Despite many unpleasant surprises brought by the coronavirus, one thing that we could predict was the massive rise in online shopping. People had to stay in quarantine and follow lockdown rules, making online shops and marketplaces a perfect place to shop.
What's going to happen?
The numbers are clear. There's been a 129% year-on-year growth in U.S. & Canadian e-commerce orders as of April 2020 and a significant growth of 146% in all online retail orders (Forbes). But what are the numbers referring to?
The holiday season is here. Due to Black Friday and the Christmas season, people will be buying gifts left, right and centre. According to a study, the predicted holiday spend for one American will be $805 and $148.5 billion overall on Black Friday and Cyber Monday this year (Finder). This means that parcel volumes will be extraordinarily high. Due to COVID-19, the customers can't or don’t want to visit brick-and-mortar stores. As the second wave is spreading, many countries are starting to go into lockdown again, which means that all holiday shopping must be done online. Could you imagine thousands of people picking up their holiday gifts from a traditional manual pick-up point? These lines during the time when distance is crucial for one’s health? And those poor staff members ...
This situation can only be described as chaos. There will be endless queues, storage rooms running out of space with thousands of parcels and delivery companies will be strained. A report by Korn Ferry indicates that 47% of retailers are having a tough time finding workers for the holiday season, which means staff shortages will be a problem for many. Both FedEx and United Parcel Service Inc. have already openly stated that most of their capacity is already at its maximum, and many holiday orders will have to wait to be picked up. "There will be days within the holiday season where the industry will be overcapacity," said FedEx CMO Brie Carere (WSJ).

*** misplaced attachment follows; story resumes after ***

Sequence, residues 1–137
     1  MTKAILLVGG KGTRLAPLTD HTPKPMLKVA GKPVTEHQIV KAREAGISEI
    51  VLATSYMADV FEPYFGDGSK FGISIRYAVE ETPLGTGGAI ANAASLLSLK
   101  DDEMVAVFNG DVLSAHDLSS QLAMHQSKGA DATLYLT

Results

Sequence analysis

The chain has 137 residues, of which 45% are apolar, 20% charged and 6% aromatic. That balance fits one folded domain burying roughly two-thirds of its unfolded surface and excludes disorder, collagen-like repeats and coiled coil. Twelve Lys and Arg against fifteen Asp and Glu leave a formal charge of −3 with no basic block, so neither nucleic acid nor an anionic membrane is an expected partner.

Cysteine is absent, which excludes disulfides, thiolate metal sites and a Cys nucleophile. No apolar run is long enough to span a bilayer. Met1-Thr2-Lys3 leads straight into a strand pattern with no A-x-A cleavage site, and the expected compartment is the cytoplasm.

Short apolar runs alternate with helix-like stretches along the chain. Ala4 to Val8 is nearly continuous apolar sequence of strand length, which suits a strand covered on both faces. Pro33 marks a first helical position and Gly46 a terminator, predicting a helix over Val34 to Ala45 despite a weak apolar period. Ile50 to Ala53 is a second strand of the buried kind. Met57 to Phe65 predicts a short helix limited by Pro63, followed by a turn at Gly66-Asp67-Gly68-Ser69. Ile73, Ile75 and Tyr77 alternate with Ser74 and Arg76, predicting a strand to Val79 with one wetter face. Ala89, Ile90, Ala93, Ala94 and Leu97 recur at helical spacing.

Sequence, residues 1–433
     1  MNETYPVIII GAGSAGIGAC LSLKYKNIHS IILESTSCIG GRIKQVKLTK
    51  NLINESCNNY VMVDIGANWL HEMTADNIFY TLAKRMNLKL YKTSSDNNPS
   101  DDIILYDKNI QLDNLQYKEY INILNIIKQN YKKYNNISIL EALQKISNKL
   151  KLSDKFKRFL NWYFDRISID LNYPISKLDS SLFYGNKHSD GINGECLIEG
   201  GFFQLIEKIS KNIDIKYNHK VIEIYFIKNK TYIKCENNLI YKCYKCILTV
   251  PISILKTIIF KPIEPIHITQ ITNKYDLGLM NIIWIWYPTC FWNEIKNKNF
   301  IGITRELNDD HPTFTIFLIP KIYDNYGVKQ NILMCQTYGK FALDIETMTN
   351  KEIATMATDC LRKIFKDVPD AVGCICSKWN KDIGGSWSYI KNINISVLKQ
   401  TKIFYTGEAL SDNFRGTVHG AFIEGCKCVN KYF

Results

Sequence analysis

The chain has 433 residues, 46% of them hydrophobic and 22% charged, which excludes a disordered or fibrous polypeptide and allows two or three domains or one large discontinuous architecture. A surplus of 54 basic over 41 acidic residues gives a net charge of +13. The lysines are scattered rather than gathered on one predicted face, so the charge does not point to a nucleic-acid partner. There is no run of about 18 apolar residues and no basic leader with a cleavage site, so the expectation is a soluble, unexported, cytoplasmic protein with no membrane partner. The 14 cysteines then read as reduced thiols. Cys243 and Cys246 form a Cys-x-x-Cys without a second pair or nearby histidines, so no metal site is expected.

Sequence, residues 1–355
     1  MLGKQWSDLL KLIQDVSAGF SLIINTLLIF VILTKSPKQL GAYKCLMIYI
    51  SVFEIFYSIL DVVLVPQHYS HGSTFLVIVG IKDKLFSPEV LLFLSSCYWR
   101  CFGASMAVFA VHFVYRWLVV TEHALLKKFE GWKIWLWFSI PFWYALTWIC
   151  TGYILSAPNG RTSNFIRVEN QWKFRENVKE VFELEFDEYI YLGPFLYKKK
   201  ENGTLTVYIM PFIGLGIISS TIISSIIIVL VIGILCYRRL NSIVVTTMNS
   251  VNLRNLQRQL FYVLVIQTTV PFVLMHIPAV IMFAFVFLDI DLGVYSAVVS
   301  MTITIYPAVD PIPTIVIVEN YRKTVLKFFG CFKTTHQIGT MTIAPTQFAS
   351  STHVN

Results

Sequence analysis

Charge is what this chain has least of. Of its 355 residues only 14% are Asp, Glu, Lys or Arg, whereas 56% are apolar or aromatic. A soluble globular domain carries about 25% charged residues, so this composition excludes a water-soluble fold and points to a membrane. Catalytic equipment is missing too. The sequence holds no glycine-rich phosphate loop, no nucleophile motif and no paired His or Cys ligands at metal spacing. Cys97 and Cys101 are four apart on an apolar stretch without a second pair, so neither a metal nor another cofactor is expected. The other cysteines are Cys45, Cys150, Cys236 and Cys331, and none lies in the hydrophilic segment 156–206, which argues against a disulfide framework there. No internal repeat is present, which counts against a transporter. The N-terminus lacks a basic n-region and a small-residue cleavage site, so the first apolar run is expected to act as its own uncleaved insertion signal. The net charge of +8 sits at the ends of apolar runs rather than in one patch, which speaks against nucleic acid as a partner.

How will retailers survive?
What does this mean for retailers? If they don't prepare, there will be total parcel chaos. Due to too high parcel volumes, couriers and pick-up station staff will be scrambling for packages in massive parcel seas. It's like trying to find a needle in a haystack, but the haystack is twice as big as it usually is. This will result in long queues, which don't create happy customers. In addition, this will result in a low Net Promoter Score (or NPS), which means they probably won't recommend the retailer to a friend or colleague, and the chance of them returning or making a repeated purchase is small.
Besides a low NPS, customer convenience will also take a plunge. Standing in a long queue or waiting a week or two for a delivery isn't very convenient. Or safe, giving the circumstances we are living today. Many big retailers have declared that their overall goal is to put customer convenience first and foremost in everything they do. For example, Walmart says they are testing new ways to operate, and it's always the customer who wins. Inditex states that they have placed their customers at the very centre of their business model, and their omnichannel approach helps to boost the convenience of customers. So, if customer convenience is a high priority, then preparing for the parcel chaos should be the very first thing in retailers' agenda.
What's the solution?
Retailers will have to look for the best innovations to survive this parcel chaos. One of the most common click & collect solutions, self-service pickup stations, would eliminate queues and put the customer convenience at the forefront, since customers can pick up their parcels whenever they want. Parcel lockers and parcel robots are used and loved by many, and they would certainly handle the high parcel volumes. On the other hand, free in-store delivery would increase footfall inside stores, but it also has to be enjoyable – no lines, no fuss, in&out experience (plus it can create halo sales). Quick deliveries also depend on quick access. Micro-fulfilment centres or smaller automated warehouses also eliminate long waiting times. Amazon, for example, has increased the number of smaller warehouses in large urban areas to sort orders by destination and consolidate them onto trucks for faster deliveries (Forbes).
Millions of online customers are demanding a more seamless, quicker and convenient service, which is putting a strain on e-commerce and online retailers today. And the truth is that how they choose to react, whether to prepare, panic or go-with-the-flow determines the holiday season's parcel situation.